From the Crikey grapevine, the latest tips and rumours …

Why Turnbull is suddenly a social media star. Prime Minister Malcolm Turnbull is having a great time in India with his Indian counterpart Narendra Modi, which, of course, results in a lot of selfies — even public transport selfies.

When Modi was new to his role, he came to Australia to meet with Turnbull’s predecessor Tony Abbott, who saw a huge a increase in his Facebook likes — around 40,000 — after posting a picture of the pair. Turnbull has also received a jump in likes since posting a photo of himself and Modi, but nowhere near as many as Abbott had; his page has had a spike of 8131 likes in the past few days. 

Have Indian Facebookers cooled on their affections for Australian leaders? Or have they cooled on Modi himself? Indian polling shows that voters are still keen on Modi, despite the shambolic removal of high-value cash in the country earlier this year.

Is everything rosy with iron ore? Normally markets would be wetting themselves at a 20% slump in the price of a key commodity like iron ore, and yet nothing has happened — the headless chooks in the media haven’t appeared emulating Henny Penny, crying “the sky is falling”. Instead some very funny people in Canberra have been claiming the government will have an extra $4 billion to play with in the May budget. But that won’t be happening if iron ore continues its latest slide. Ore with 62% content in northern China fell 1% to US$74.71 a dry tonne on Monday, according to Metal Bulletin Ltd. That was after a 6.8% fall on Friday, which pushed the commodity into a bear market from a February peak of more than US$94 a tonne. Iron ore futures in Dalian in China fell to their lowest since November on Monday, and those in Singapore traded below US$72 a tonne.

The shares of the biggest miners have been hardly ruffled by the side. BHP Billiton shares — targeted by US hedge fund investor Elliott Management — rose 4.6% on the ASX on Monday, while Rio Tinto shares were up 1.1%. Fortescue Metals Group shares were all but unchanged yesterday.

Greens factions sprout. Are the Victorian Greens about to be engulfed in the same kind of factional infighting as their New South Wales counterparts? A Facebook page belonging to a group calling itself “Grassroots Greens” appeared this week, with a “statement of intent” document taking aim at internal policies and the party’s tactics to increase its support. The page has only a few dozen likes so far, and it doesn’t seem to be aligned with any actual elected state or federal MPs. The manifesto has taken aim at the party’s recent Victorian and federal election campaigns, where resources were pushed into fighting seats in Melbourne’s inner south-east:

“We must not be afraid to be outspoken on the issues we care about, and we must not be afraid to put forward radical policy, out of fear of negative press. Instead of chasing votes in wealthy, inner-city blue-ribbon electorates by being careful and playing small target politics — we should instead be appealing to low income earners, working class, and middle class people in suburban and regional areas by being bold and radical but staunchly progressive.”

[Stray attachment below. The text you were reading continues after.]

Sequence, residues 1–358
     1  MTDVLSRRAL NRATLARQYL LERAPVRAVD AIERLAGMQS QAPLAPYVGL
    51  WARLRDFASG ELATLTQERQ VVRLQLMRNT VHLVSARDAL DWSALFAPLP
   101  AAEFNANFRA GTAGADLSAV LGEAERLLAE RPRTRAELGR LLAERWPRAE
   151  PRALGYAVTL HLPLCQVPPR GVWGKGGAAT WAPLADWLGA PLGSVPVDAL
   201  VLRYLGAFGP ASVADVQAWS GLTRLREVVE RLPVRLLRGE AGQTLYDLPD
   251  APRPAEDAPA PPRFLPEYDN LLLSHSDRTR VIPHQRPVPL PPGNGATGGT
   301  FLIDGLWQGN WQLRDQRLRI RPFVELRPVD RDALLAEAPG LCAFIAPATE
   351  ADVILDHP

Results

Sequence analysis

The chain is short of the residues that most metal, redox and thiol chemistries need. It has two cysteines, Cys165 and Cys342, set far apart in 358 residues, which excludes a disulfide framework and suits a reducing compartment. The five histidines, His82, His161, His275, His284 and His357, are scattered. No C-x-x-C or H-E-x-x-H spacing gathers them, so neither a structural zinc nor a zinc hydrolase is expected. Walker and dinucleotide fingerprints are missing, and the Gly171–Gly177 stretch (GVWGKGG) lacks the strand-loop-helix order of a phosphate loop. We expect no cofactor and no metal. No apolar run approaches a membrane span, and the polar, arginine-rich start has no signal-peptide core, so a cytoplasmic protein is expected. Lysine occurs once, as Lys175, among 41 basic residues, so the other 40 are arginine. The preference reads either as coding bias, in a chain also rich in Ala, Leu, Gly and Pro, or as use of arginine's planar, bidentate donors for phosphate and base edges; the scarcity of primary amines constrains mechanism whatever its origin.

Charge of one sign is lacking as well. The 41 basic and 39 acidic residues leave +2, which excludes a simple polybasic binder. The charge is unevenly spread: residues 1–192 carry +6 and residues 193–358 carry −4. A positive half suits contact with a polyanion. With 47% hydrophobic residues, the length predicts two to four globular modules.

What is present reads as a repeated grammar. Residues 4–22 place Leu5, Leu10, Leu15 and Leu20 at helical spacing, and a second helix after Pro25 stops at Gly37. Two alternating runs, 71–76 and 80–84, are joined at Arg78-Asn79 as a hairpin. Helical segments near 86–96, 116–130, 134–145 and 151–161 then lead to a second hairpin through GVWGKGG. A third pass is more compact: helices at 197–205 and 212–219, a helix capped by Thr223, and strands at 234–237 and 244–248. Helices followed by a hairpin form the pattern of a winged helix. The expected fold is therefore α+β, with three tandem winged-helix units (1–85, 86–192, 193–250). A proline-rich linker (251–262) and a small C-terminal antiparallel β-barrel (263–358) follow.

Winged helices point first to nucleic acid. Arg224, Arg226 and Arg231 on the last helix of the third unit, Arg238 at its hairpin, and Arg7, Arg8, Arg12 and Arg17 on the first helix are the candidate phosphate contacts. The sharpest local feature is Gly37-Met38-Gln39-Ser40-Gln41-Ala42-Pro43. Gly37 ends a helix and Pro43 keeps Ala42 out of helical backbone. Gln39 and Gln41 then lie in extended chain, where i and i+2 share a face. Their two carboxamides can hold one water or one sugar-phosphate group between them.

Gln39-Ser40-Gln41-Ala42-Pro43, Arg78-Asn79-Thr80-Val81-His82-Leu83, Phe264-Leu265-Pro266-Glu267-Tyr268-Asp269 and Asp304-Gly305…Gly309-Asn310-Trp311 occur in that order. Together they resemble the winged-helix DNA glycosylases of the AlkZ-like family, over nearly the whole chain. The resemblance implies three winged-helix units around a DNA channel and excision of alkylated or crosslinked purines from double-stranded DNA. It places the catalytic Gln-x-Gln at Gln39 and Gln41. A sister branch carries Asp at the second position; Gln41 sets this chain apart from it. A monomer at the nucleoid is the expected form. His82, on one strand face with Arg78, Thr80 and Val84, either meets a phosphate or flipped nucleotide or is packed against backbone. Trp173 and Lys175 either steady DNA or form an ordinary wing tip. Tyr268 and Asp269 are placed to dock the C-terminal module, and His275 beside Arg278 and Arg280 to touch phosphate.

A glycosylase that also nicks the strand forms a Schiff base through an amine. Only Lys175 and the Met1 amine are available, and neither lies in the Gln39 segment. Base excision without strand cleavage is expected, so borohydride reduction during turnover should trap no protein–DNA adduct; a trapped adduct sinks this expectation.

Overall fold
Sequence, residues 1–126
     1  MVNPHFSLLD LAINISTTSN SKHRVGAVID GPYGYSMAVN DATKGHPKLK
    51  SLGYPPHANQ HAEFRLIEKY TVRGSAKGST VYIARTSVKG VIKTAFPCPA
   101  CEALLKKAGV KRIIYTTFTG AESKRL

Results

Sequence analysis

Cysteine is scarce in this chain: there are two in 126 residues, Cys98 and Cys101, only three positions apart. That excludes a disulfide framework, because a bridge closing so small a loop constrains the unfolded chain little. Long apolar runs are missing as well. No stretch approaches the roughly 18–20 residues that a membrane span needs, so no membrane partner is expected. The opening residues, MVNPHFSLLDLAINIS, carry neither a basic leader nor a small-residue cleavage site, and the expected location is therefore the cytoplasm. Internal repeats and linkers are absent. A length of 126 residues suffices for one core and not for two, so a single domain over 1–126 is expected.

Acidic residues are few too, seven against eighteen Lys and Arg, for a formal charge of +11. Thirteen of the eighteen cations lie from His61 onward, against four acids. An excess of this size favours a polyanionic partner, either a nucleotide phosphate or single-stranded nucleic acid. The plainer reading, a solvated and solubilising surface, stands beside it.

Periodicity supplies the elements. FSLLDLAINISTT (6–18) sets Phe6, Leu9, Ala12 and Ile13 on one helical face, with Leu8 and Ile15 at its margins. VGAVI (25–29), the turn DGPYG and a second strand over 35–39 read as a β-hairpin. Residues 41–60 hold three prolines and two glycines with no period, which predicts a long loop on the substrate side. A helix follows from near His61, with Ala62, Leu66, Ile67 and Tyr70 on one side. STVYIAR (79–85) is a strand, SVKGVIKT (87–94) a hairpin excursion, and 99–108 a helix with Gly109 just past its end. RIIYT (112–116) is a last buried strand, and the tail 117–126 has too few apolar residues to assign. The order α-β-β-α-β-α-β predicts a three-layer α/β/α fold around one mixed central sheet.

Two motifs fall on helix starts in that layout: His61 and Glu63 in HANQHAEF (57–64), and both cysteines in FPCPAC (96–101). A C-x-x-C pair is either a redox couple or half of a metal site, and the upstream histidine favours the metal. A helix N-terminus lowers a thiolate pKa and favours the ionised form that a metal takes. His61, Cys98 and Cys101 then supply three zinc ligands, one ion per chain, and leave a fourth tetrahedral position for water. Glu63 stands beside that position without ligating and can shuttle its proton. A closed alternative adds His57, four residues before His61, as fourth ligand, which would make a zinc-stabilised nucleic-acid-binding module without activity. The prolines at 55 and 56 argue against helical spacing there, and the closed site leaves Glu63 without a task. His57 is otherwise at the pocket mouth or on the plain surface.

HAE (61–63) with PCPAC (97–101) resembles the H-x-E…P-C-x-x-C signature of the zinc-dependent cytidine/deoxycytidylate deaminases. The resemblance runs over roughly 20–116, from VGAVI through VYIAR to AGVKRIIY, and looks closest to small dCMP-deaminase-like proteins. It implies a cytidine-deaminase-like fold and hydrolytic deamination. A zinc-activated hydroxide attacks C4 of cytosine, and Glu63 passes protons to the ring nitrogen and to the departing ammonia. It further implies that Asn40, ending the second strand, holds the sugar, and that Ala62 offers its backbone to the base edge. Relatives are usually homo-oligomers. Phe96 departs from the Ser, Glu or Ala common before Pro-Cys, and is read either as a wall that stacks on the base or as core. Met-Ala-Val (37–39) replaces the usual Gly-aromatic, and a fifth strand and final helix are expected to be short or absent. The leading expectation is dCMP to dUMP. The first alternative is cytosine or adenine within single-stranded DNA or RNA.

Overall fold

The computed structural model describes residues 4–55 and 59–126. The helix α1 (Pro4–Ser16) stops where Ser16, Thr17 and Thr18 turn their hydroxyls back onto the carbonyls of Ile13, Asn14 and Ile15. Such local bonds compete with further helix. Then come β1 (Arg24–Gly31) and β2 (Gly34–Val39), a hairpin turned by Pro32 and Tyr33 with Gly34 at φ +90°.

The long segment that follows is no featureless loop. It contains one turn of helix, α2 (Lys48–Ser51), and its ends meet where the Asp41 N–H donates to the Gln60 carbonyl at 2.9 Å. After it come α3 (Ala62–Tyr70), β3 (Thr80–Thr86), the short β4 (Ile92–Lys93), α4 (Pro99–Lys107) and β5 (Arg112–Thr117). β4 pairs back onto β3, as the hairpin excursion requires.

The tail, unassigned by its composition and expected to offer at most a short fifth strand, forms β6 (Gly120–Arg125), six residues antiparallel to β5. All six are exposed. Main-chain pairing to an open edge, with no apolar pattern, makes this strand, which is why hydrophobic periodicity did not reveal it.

But who’s behind it? Group members are not so keen to put their names to the sniping, writing that they do not reveal their names or have official spokespeople. “It is up to individual members whether or not they out themselves as a member of the Grassroots Greens.”

Late last year a group called “Left Renewal” popped up in New South Wales, grouping around Senator Lee Rhiannon and promising to “fight to bring about the end of capitalism”. The groups have both use a version of the Greens logo as their group symbols.

The Greens have long claimed to be without factionalism, but that seems to be falling apart in a few places.

Unilever cuts ad spend. Unilever is the world’s second biggest consumer products company after Nestle. It spends hundreds of billions of dollars a year around the world promoting its roster of brands like Lynx, Dove, Omo, Lipton and Ben and Jerry’s. Recently Warren Buffett and Kraft Heinz tried to buy the company for US$142 billion, but were told to go away in no uncertain terms. Unilever management then started a review of its sprawling business and late last week decided to sell off a host of brands, buy back shares and cut costs.

One area of cost cutting will have an impact on Australia’s advertising industry, including commercial television. Unilever CFO Graeme Pitkethly says the company will cut the number of ads it makes a year by 30% and slash the number of ad agencies it uses around the world by 50%.

Pitkethly says Unilever employs 3000 agencies around the world, which will be reduced “by half”. He says the company produces more ads than actually make it to air so the strategy going forward will be to show more of the better ads that make the cut for longer periods of time. Unilever has not revealed its planned savings, but it is estimated by US analysts that the company spends around US$7 billion a year on advertising (down from US$8.2 billion in 2011). If the 30% figure turns out to be the case, the company’s ad spending across the board will drop by more than US$2 billion.

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Peter Fray

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